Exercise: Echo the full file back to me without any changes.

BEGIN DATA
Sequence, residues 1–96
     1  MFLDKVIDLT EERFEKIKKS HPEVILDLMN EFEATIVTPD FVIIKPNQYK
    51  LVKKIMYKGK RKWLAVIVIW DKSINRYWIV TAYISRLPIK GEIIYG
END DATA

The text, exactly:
Sequence, residues 1–96
     1  MFLDKVIDLT EERFEKIKKS HPEVILDLMN EFEATIVTPD FVIIKPNQYK
    51  LVKKIMYKGK RKWLAVIVIW DKSINRYWIV TAYISRLPIK GEIIYG